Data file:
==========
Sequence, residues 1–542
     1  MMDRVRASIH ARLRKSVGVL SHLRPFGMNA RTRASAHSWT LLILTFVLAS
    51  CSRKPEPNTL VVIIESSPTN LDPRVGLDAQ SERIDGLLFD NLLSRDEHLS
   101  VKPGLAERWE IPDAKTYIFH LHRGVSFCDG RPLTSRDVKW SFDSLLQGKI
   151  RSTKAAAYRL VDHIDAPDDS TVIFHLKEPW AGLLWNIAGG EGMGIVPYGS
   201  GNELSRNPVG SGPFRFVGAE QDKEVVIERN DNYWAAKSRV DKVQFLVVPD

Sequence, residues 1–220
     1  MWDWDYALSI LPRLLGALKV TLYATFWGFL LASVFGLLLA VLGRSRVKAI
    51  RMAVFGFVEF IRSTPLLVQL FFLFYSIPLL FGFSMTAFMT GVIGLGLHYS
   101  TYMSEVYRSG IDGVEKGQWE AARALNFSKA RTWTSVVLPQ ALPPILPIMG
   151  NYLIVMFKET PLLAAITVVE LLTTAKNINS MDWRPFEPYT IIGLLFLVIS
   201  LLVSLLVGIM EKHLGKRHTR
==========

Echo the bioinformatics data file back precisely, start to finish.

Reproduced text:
Sequence, residues 1–542
     1  MMDRVRASIH ARLRKSVGVL SHLRPFGMNA RTRASAHSWT LLILTFVLAS
    51  CSRKPEPNTL VVIIESSPTN LDPRVGLDAQ SERIDGLLFD NLLSRDEHLS
   101  VKPGLAERWE IPDAKTYIFH LHRGVSFCDG RPLTSRDVKW SFDSLLQGKI
   151  RSTKAAAYRL VDHIDAPDDS TVIFHLKEPW AGLLWNIAGG EGMGIVPYGS
   201  GNELSRNPVG SGPFRFVGAE QDKEVVIERN DNYWAAKSRV DKVQFLVVPD

Sequence, residues 1–220
     1  MWDWDYALSI LPRLLGALKV TLYATFWGFL LASVFGLLLA VLGRSRVKAI
    51  RMAVFGFVEF IRSTPLLVQL FFLFYSIPLL FGFSMTAFMT GVIGLGLHYS
   101  TYMSEVYRSG IDGVEKGQWE AARALNFSKA RTWTSVVLPQ ALPPILPIMG
   151  NYLIVMFKET PLLAAITVVE LLTTAKNINS MDWRPFEPYT IIGLLFLVIS
   201  LLVSLLVGIM EKHLGKRHTR